We wind up the interview and Haifa sees us to the door--she and I seemed to hit it off, and she welcomed me back any time to upgrade my knowledge of Islam and feminism--and soon Layla and I are in the thick of twilight traffic. As we pass down Jazar Street--Basra's main commercial thoroughfare--she points to a greenish building with a sign in English reading "BASRA CENTER." "Our new supermarket," she says.
Stop the car. Restaurant bills at the funduk are eroding my cash stash and I've been mulling over how to store some comestibles in my ghurfa (room), and this seemed a good opportunity to stock the cupboard and see what a Basran "supermarket" looks like. Turns out BC is a crowded, high-ceiling, very clean single room, about the size of the fruit and vegetable area of an American s-market, equipped with all the trappings of home: carts, hand baskets, aisles, freezers, cereals, soups, beans, soaps, shampoo, etc.--even a deli counter! There's no Point-of-Purchase musak, nushkur Allah, and most of the women shoppers are in hejab, with one or two veiled faces--but squint, and you could almost convince yourself you were standing in a pocket-sized Safeway, wondering what you did with the grocery list...
Anyway, Layla and I loop through the market, doing the sign language routine (remember, in public I have to be a deaf mute--kinda silly, since neither of us knows the digital lingo, but it seems to work), loading up a basket with various items (in case you're interested, I have a fridge in the room), then get in line. And what do I see when I step up to the cashier? Y'allah, it's a hand-held laser-operated bar code reader! Holy convenience store! (To be truthful, I was a little less than surprised: a couple of weeks ago, Zuhair Ali Akbair, manager of the city's Central Bank, told me that Basrans would soon have the privilege of using a consumer debit card, readable at machines set up in, among other places, Basra Center.)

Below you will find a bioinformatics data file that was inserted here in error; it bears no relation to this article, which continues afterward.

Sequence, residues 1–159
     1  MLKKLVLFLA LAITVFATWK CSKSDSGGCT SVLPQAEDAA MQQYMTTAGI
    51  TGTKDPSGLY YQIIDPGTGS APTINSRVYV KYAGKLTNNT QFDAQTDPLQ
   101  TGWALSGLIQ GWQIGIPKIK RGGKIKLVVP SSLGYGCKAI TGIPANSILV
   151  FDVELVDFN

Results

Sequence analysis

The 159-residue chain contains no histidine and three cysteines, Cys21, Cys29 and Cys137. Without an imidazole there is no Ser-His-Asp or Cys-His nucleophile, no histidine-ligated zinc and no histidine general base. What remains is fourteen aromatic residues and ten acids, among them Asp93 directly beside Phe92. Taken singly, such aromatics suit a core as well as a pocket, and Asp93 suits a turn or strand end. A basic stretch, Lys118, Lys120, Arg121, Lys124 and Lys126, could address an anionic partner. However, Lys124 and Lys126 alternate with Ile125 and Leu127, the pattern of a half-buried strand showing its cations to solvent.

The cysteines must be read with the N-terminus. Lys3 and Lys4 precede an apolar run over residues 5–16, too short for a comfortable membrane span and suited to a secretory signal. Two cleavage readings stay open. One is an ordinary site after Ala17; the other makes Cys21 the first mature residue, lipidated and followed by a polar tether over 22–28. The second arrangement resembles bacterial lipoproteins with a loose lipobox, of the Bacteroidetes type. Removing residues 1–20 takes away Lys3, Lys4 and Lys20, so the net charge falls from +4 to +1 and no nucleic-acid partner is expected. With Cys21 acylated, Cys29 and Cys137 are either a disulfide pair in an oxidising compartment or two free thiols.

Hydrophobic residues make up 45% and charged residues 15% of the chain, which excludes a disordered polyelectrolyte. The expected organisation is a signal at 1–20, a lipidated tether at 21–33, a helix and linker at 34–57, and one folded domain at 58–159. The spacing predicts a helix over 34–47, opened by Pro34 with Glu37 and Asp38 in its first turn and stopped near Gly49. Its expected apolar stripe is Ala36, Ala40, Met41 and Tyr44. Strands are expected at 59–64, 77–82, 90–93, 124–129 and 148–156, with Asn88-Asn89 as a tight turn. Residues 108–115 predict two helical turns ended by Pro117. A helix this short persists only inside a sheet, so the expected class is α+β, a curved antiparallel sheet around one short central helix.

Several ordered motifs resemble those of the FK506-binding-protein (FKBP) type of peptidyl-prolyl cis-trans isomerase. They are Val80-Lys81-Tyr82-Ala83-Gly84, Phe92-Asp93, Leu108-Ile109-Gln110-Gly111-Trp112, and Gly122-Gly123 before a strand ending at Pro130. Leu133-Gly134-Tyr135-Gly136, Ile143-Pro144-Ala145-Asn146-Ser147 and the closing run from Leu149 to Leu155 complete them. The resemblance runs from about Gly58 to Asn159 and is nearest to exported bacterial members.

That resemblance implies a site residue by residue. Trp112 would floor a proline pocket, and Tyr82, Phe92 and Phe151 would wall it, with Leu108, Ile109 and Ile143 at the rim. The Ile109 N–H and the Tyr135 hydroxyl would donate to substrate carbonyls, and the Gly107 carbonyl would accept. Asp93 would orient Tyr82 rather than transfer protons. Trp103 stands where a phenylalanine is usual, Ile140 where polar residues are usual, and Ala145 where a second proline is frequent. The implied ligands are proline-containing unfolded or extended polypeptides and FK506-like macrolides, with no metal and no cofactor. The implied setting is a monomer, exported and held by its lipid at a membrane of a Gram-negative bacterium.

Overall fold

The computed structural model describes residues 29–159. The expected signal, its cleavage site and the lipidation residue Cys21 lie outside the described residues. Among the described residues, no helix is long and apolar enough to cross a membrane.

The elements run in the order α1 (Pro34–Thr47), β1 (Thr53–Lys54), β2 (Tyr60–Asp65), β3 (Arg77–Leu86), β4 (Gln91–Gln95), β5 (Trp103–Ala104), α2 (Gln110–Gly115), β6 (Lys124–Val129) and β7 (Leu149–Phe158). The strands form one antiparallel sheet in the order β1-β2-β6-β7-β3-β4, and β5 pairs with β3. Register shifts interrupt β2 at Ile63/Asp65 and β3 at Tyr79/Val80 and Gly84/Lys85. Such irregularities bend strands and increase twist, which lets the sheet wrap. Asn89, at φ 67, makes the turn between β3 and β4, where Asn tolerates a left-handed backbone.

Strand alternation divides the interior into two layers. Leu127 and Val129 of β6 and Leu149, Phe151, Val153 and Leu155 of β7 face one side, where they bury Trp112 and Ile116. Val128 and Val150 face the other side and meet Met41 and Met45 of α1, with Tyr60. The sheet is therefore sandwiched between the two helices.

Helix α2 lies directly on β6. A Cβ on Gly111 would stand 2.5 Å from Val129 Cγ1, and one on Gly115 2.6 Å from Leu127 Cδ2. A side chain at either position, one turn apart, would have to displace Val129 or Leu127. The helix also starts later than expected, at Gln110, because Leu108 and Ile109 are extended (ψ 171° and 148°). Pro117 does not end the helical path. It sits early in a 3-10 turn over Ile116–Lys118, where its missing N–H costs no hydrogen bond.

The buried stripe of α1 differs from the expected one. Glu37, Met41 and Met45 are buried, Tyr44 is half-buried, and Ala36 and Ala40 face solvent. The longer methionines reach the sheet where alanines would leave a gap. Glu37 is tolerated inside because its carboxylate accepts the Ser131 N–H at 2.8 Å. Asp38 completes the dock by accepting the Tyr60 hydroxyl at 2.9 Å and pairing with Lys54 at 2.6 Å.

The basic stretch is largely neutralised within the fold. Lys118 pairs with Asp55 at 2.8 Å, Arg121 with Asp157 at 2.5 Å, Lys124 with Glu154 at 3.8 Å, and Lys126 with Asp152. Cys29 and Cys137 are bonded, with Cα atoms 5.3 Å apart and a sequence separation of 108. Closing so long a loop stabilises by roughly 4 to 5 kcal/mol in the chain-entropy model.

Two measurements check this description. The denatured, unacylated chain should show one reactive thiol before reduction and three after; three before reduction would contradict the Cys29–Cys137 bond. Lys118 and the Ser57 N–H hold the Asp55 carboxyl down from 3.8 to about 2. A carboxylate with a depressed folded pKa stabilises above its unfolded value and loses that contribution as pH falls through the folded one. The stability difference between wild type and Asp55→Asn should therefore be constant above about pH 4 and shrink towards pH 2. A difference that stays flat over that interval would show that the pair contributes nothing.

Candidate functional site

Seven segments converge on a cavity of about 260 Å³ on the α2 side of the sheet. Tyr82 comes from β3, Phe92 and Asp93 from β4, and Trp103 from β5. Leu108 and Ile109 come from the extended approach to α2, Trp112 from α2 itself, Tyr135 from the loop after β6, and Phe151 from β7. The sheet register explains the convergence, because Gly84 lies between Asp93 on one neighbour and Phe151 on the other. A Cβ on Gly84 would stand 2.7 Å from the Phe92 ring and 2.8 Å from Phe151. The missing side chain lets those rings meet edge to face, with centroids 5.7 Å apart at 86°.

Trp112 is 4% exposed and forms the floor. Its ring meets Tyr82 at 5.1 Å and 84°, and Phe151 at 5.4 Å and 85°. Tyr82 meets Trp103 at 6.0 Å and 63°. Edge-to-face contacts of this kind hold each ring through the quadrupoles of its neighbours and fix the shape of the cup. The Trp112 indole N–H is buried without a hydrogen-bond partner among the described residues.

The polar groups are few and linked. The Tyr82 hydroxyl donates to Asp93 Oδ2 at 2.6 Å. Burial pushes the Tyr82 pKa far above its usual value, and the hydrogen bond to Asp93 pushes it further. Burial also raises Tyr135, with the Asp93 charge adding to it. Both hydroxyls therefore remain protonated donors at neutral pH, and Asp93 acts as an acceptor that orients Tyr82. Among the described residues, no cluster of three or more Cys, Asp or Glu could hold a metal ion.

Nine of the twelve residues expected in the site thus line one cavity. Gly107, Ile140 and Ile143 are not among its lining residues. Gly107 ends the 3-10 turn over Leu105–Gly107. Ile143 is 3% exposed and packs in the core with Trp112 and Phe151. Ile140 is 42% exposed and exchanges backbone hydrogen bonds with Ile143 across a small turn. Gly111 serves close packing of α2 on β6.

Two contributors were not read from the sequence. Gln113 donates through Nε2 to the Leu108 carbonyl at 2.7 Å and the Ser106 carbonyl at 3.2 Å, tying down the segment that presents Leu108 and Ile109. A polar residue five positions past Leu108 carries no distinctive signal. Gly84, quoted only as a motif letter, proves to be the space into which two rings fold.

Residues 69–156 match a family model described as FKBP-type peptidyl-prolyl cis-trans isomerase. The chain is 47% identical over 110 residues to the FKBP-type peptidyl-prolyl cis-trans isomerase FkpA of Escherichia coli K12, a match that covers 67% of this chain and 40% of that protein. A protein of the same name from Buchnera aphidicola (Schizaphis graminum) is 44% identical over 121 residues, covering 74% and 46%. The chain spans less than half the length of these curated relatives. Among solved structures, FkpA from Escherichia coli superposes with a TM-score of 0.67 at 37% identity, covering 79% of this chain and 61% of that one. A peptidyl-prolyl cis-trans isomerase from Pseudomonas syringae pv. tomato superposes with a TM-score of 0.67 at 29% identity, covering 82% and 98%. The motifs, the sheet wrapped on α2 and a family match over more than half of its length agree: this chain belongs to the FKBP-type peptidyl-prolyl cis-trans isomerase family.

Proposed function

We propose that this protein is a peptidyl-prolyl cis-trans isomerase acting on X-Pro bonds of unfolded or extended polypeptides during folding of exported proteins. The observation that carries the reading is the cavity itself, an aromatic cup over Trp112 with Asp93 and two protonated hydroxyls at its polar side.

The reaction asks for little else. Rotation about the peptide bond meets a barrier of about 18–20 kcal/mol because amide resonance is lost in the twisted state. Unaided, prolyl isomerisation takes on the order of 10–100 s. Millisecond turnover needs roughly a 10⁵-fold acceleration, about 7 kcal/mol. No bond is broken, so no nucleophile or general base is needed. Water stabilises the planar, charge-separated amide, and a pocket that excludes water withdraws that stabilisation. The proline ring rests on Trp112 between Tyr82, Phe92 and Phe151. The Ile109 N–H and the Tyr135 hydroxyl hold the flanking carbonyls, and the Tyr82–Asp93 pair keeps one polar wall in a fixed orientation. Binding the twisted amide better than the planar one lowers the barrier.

I mention this bit of quotidian trivia to underscore a point. To many people--obviously, Haifa's one of them--"fundamentalist Islamic feminism" is not an oxymoron. By the same token, fundamentalist Islam and modern technology are also not mutually exclusive. This is a error people make when they claim that Salafists want to "drag us back to the Medieval age." Not quite. Rather, they want to "medievalize" modernity (or perhaps vice versa), keeping their mobiles and satellite dishes and computers and Internet, while frog-marching social relations (especially those dealing with women) back a millenium or so. One fascinating aspect of Basra is that by virtue of its relative stability, you can see the tug and pull of this process at work--debit cards and feminist unions on one hand, veils and alcohol-banning Islamists on the other.
Can they co-exist? That's the next chapter of the Basran saga. Most people I know (none of them fans of fundamentalism) think the religious parties are a passing phase, that Basra's fabled liberal-mindedness and port-city sensuality will reassert itself--in other words, the values implicit in a bar-code reader (not to mention the Internet and sat-TV) will eventually sweep away the shrouds and veils, and reduce the turbanned thugs to Friday rants before dwindling congregations. I'm not sure, but I certainly know where my hopes lie. With their charm and confidence and dedication, may women like Haifa grace the Basra political scene for years to come--make-up, high-heels, fancy dresses and all.
Yours from the land where a BLT is never on the deli counter's menu.
May 27, 2005